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COP15: how to resist more severe and frequent drought conditions?

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As a the 15th Conference of the Parties (COP15) of the United Nations Convention to Combat Desertification (UNCCD) is taking place in Abidjan, many reports from the international organization are pointing out the devastating impacts of drought on the African population. A critic weather condition hitting hard 40 percent of Somalis currently facing extreme levels of food insecurity. 

Farmers in north Somalia say they are finding it hard to grow anything at all.”We have been adversely affected by the drought. the wells we used to irrigate our farms have dried up. Our lands are now at risk of being invaded by wildlife. Beacuse they, too, are affected by the drought, so they come looking for pasture. we have lost a significant amount of crops we were hoping to harvest”, says Fawzia Salah Mohamud, a farmer in the Cuun Valley of Somalia.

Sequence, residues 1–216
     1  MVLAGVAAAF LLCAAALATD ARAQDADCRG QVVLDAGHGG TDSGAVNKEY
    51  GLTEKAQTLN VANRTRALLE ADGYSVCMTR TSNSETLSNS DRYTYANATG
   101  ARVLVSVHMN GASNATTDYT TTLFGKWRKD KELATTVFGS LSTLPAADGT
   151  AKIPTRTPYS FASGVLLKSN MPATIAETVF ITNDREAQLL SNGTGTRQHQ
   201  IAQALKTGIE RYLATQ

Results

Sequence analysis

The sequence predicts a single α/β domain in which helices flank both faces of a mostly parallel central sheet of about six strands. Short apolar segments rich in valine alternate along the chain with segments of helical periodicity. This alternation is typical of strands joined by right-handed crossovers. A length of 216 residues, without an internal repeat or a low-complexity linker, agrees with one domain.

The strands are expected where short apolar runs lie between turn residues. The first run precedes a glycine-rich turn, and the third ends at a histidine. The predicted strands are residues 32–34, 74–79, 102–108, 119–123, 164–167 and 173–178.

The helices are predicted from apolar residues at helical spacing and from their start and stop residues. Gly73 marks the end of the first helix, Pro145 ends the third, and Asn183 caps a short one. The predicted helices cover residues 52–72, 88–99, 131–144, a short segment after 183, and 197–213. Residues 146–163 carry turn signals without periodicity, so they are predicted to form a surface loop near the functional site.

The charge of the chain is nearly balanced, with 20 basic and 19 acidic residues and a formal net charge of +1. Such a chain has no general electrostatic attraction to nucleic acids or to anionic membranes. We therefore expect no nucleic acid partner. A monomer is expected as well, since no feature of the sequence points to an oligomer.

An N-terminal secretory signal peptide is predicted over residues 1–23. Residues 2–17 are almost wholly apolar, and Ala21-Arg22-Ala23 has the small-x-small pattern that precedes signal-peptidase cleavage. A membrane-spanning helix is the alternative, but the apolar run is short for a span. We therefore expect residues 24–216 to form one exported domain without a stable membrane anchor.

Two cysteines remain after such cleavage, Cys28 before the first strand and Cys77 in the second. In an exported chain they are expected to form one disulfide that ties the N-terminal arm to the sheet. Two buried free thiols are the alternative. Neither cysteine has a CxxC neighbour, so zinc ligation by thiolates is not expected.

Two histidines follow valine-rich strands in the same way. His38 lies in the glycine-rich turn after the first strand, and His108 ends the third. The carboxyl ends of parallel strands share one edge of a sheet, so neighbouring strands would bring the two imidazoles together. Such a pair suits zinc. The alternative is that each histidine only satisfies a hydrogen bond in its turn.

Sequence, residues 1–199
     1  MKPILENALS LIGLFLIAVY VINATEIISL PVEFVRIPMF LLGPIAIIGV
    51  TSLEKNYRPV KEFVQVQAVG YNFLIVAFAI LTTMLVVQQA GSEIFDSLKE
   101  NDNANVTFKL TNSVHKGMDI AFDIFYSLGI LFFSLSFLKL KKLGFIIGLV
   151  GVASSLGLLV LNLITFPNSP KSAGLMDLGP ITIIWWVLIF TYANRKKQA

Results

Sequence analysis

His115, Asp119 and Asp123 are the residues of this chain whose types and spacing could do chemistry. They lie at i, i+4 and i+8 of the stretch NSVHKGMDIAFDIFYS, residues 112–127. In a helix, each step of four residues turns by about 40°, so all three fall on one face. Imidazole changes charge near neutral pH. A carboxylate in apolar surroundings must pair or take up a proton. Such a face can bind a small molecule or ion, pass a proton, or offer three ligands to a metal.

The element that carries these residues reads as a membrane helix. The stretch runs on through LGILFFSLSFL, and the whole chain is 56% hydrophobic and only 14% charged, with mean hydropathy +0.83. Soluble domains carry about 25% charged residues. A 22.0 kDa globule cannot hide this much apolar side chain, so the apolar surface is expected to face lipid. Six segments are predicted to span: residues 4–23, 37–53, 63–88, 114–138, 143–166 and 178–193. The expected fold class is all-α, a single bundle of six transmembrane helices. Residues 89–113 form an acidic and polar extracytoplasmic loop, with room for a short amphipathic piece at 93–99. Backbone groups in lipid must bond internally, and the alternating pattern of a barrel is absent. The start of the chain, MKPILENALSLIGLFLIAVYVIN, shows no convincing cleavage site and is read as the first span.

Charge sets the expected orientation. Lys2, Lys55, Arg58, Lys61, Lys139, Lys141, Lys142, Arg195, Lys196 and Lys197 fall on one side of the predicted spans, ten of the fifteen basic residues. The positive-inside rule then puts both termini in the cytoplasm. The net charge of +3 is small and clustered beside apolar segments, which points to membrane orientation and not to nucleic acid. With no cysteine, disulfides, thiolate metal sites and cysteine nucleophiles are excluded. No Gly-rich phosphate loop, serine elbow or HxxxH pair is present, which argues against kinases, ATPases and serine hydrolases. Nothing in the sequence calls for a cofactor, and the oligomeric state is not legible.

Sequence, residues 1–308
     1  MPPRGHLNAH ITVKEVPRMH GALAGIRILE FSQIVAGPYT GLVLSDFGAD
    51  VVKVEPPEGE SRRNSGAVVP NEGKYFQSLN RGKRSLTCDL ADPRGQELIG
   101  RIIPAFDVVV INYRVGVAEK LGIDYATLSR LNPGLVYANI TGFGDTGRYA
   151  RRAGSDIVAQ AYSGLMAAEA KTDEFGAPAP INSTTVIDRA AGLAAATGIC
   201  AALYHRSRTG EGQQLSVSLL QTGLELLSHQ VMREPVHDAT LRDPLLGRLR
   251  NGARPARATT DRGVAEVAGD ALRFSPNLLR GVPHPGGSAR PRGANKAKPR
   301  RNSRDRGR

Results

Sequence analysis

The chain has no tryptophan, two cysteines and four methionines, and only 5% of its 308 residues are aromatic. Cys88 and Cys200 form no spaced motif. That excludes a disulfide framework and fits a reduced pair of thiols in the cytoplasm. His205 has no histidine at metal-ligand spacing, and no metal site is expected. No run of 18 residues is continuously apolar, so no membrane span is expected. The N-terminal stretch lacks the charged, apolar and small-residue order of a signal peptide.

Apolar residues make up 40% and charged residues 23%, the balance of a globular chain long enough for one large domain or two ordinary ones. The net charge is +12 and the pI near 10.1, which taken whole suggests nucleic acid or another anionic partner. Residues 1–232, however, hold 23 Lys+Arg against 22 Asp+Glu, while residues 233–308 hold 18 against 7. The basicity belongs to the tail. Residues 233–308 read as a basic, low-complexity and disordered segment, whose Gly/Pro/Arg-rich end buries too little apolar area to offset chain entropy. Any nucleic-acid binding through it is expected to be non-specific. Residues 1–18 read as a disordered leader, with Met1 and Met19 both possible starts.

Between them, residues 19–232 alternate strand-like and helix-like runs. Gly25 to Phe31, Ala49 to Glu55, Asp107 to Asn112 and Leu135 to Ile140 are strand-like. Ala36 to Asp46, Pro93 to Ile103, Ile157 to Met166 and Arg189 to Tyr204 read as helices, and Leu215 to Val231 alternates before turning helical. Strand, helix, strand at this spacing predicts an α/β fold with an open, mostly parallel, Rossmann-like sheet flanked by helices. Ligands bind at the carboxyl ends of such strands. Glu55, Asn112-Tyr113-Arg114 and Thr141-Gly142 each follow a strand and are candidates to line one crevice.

The International Fund for Agricultural Development who has just launched a Crisis Response Initiative says the impact of drought has been exacerbated by the war in Ukraine as it increased fertilizer and fuel prices. More widely, the UN insists on the necessity for the global population to grow more resistant crops which need less water and to reduce animal products.

“This region which Kenya is also a big part of what has been impacted; Ethiopia, Djibouti and Somalia, this region has been severely affected by drought following impacts that are related to land, like the desert locusts for example, explains Barron Orr, Lead Scientist, United Nations Convention to Combat Desertification, So we have a situation where land degradation already was making it challenging for small farmers and pastoralists then other issues such as the locusts which damaged the crop, now you have crossed the tipping point with this drought. It is now the worst droughts in decades.”

The United Nations Convention says global warming will increase the risk of droughts in many vulnerable regions of the world, particularly in countries with high population growth rates.

World Bank figures show that climate change could push 216 million people off their land by 2050, mostly because of drought.